Coronavirus: McKinsey warns nearly 60 million jobs at risk in Europe
The economic fallout from the coronavirus pandemic threatens 59 million jobs across the European Union and the UK, according to a report from McKinsey.
The consultancy predicts that the unemployment rate across the EU could almost double by 2020 to 11.2% in a worst-case scenario where the pandemic would not be contained within three months. In this scenario, the unemployment rate would not return to current levels until 2024.
One in four jobs could be under threat, McKinsey notes, from either permanent redundancies, furloughs or reduced hours.
“Europe must avoid the significant rise in unemployment witnessed during the 2008-09 financial crisis, when the unemployment rate rose by 27 %,” McKinsey said in its report.
The sectors that are going to suffer the most in terms of job losses are those where employees have the most contact with other people, including sales and service roles, building jobs, and food services.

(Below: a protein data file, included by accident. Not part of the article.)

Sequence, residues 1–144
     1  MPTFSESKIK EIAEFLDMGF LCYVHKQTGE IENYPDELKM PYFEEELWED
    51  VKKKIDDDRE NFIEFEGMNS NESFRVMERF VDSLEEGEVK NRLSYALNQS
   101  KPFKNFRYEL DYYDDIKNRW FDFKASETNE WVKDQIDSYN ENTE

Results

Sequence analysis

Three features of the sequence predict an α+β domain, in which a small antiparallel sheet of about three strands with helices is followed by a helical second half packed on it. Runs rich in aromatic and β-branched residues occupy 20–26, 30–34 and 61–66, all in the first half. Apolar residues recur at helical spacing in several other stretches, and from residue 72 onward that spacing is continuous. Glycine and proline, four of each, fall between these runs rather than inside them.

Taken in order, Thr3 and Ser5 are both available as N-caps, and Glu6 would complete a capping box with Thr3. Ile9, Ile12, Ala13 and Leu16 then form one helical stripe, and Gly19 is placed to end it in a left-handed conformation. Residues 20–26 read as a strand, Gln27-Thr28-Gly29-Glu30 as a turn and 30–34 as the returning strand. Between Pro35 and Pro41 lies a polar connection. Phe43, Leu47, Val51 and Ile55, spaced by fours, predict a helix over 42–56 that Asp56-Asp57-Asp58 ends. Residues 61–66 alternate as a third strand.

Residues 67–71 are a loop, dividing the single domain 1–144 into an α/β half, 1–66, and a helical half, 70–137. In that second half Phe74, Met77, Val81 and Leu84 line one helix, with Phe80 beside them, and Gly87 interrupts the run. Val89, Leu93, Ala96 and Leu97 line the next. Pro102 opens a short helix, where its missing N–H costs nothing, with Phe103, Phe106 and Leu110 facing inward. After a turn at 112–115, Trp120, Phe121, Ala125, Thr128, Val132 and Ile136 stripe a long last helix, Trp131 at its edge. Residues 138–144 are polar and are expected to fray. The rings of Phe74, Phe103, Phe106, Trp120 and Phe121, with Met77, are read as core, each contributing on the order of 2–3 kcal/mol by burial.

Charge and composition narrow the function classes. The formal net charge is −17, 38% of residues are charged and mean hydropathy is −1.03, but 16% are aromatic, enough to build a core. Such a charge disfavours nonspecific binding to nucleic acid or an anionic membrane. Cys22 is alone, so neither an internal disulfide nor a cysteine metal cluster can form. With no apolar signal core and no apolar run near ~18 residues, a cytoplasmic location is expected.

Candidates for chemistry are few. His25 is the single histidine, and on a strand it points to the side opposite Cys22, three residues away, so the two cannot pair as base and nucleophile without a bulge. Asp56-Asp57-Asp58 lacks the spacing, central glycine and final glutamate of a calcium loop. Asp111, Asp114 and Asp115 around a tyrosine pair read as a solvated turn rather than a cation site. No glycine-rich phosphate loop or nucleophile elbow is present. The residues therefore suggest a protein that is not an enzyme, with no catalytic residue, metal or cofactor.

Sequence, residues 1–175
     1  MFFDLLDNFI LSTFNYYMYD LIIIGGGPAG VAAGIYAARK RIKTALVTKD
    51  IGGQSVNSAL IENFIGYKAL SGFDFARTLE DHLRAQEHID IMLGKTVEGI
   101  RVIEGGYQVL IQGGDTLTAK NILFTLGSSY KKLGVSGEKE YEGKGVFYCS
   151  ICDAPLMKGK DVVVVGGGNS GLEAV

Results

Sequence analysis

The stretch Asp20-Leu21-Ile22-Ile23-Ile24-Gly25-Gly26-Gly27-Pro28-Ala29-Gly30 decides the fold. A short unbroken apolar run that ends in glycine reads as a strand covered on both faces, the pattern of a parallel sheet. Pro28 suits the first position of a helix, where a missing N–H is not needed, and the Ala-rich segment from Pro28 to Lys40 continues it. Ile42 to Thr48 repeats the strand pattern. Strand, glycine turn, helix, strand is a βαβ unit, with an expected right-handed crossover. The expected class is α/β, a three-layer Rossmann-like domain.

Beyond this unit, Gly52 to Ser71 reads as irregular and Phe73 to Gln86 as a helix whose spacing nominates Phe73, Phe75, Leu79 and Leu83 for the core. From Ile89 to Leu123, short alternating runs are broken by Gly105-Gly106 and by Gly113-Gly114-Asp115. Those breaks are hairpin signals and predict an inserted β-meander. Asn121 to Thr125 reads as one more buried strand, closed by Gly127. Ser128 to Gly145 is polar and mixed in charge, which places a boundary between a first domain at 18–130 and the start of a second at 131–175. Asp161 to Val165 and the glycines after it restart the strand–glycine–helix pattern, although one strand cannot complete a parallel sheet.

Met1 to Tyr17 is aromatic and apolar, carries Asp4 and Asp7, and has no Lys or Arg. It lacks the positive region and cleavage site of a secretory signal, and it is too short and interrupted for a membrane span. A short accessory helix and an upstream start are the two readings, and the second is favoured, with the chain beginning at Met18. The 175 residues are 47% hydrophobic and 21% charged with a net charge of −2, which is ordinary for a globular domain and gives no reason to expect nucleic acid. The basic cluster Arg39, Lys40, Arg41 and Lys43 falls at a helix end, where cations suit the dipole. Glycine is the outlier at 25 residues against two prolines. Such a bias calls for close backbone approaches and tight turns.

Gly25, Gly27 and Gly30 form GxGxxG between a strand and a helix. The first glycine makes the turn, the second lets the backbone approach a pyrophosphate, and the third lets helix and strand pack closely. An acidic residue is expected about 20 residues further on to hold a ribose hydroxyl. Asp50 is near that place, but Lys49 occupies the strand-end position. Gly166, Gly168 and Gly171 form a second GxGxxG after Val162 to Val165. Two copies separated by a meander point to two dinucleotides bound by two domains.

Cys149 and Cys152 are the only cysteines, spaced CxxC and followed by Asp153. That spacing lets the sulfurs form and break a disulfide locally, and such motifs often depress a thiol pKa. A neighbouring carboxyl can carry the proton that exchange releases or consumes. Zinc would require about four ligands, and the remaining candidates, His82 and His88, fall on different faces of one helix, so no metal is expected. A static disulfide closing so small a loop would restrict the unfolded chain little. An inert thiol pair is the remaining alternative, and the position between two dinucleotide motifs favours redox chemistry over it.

McKinsey called for governments and companies to take “swift and forceful action” to protect jobs. Companies, for example, need to look at implementing split shifts and remote working where possible.
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Germany and other EU countries have already begun implementing short-term work schemes, where the government pays a percentage of a worker’s salary (in Germany it is about 60%) while they are temporarily laid-off. This scheme was pioneered by Germany during the financial crisis to avoid mass lay-offs and ensure that companies can quickly ramp up productivity without a lengthy re-hiring process.
The UK government’s job retention scheme allows employers to seek refunds for up to 80% of a furloughed worker’s salary (capped at £2,500 per month) to avoid making them redundant. It has extended the scheme until the end of June.
READ MORE: Coronavirus: Government job scheme opens with millions already furloughed
At an EU level, the European Commission earlier this month proposed a €100bn (£87bn, $109bn) short-time work initiative called SURE to help employers in economies badly hit by the pandemic, such as Spain and Italy, to avoid mass unemployment.
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